Friday, September 17, 2010

Da Na Se: A Night of Hymns

I do not sing.

I did not want to sing. But I needed a local friend and hope that I could string a single sentence together in Twi, the local language, without slaughtering it. I reluctantly followed my group members over to the other house where Akua and Gina were gathering to teach us hymns. Hymns make up a huge part of Ghanaian music called high life. They also tend to be universal to all of the different Christian denominations in the area. Akua, the landlord of the other house, I thought was a good example of that. Even though she was a Catholic, the ten-minute walk up the dirt hill to the Catholic Church in heals did not seem as sensible as attending the Presbyterian Church right next to her house. As long as you attend church and believe in God, these hymns apply.

Even to me, the kid sitting on the cement bench trying to stun an oncoming spider with my Wal-Mart flashlight, this was a special experience. I could not help but feel that God really does love all of his children, and that it does not matter where we are in the world, he knows us personally. It was a testimony I was trying to learn at the Branch, but it seems these lessons always come quicker with music.

We learned three different hymns, but “Da Na Se” was my favorite. Here are the lyrics and the translation:


Da na se (Thanks)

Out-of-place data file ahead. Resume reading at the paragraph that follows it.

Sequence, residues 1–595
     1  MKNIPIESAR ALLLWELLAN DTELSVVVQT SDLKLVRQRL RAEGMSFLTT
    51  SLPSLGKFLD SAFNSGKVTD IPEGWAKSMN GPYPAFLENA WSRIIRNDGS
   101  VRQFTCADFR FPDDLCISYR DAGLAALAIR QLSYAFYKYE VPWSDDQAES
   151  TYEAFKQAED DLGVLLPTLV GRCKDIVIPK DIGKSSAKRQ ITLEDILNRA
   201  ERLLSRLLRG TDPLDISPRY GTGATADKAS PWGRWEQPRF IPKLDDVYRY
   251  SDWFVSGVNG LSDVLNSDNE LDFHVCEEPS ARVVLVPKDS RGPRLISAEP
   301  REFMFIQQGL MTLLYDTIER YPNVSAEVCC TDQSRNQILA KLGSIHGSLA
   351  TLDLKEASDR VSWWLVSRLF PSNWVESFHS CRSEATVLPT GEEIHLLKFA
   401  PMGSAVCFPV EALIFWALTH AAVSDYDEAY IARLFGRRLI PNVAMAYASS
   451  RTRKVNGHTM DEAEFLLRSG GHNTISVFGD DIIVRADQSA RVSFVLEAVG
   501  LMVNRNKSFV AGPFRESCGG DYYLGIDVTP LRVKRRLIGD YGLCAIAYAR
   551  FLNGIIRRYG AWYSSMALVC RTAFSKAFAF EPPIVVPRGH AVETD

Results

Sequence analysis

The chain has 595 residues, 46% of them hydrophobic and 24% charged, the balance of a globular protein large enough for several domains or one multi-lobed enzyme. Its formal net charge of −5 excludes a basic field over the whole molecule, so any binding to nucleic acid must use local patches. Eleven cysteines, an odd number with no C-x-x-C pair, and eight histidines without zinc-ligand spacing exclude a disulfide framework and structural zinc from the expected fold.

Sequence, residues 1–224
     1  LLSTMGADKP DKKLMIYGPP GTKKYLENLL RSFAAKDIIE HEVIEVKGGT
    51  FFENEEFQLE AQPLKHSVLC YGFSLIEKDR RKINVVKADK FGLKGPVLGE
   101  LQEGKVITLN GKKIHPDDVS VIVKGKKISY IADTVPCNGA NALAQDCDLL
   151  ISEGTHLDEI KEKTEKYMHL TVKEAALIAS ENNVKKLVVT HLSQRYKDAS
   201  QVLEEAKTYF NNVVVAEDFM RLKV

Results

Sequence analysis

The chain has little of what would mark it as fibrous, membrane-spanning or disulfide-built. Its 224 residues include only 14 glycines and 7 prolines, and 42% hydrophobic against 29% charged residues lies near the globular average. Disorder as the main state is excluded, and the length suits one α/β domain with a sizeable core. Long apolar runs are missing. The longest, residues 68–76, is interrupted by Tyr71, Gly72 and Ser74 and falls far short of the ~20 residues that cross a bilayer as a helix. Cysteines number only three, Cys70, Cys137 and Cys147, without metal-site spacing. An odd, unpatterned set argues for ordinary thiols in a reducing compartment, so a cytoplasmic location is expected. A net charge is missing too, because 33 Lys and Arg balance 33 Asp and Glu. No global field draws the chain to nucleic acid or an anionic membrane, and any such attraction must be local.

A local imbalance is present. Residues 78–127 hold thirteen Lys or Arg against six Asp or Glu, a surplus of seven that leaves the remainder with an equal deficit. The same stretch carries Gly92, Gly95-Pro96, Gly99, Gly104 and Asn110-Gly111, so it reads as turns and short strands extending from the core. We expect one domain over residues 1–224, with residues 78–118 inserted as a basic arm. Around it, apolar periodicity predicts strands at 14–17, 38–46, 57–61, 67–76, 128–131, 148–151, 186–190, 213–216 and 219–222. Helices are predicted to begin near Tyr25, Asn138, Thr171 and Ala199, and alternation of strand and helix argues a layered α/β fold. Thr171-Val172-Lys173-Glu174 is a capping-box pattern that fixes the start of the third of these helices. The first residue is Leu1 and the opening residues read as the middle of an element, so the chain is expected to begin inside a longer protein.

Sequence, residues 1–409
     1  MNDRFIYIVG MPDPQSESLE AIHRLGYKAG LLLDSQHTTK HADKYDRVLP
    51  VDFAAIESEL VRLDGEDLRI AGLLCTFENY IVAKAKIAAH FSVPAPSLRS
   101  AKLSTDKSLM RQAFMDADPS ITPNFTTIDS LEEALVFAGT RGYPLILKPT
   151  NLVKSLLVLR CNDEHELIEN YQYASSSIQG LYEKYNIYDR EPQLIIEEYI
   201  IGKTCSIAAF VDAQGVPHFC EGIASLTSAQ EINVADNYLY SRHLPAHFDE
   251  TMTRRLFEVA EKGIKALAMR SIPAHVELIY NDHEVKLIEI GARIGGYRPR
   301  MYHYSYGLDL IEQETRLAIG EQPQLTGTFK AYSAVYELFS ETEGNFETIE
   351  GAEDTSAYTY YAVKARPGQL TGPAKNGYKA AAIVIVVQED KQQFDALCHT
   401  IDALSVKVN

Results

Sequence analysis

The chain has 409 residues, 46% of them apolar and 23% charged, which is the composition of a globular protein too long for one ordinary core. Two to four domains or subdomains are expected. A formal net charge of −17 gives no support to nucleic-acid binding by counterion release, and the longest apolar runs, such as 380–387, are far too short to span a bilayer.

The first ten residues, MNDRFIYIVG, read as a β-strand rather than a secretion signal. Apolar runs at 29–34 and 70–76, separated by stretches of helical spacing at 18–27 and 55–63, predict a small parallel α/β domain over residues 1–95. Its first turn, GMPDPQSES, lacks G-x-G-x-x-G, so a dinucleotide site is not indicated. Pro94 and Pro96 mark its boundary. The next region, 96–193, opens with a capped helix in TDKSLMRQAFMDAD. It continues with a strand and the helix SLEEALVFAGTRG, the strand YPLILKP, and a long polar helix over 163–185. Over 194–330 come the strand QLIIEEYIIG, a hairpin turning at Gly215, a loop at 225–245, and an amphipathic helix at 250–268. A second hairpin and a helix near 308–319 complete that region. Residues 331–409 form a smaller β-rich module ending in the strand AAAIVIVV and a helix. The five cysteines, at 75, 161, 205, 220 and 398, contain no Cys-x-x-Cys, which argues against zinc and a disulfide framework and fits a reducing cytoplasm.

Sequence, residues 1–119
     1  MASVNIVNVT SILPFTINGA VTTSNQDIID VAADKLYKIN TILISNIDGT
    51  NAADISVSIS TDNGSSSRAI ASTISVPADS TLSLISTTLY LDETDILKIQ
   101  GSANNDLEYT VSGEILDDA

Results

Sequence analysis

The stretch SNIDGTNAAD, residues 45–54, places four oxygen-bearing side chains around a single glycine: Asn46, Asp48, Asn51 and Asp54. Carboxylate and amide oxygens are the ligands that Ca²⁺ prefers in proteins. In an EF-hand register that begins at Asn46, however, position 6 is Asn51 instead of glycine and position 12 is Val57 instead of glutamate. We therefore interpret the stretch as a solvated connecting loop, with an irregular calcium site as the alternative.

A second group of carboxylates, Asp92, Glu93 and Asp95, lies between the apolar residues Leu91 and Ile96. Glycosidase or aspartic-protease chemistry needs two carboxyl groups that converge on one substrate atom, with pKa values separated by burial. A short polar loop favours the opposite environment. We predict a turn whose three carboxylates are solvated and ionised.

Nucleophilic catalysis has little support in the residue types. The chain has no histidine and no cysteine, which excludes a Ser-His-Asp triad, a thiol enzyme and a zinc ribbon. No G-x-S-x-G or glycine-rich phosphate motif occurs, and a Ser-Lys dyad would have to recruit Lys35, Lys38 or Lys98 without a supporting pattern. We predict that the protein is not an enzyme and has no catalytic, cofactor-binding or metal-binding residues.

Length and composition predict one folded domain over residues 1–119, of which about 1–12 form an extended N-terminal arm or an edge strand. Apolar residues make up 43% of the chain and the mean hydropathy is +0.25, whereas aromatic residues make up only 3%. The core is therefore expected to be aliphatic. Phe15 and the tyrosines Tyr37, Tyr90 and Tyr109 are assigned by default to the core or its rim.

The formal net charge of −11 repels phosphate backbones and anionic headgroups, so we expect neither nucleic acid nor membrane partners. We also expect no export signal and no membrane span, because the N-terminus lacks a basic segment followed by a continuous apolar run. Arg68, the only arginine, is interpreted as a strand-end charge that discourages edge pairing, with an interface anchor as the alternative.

Da na se (Thanks)
Da wo nyame na se (Thanks to God)

Da na se (Thanks)
Da na se (Thanks)
Da wo nyame na se (Thanks to God)

E fri se oye (Because he is good)
Da na do do so (And his goodnesses are many)

Da na se (Thanks)
Da na se (Thanks)
Da wo nyame na se (Thanks to God)

After three songs everyone’s brains caved in. Gina started teaching Chase this hymn about shaking your “gulla gulla” (butt) that God gave you, which may or may not be something I teach Primary kids someday, Akua was singing a lullaby she only remembered half of, and our attempts to teach “Jesus Wants Me for a Sunbeam” and “Pop Corn Popping” proved unfruitful. We ended the night singing “The Twelve Days of Christmas.” It was the only song we all knew in English, and they all knew it better than me.

I learned many songs after that first night, but this is still the most memorable.

Gipsy

(Field Notes: 22.38, 62.26, 64.32-35)

Here is a recording of what it sounds like. Pretend it is not me singing and you will get a better idea of how it is supposed to sound.

1 comment:

  1. I remember that song! Hilda taught it to us one night!

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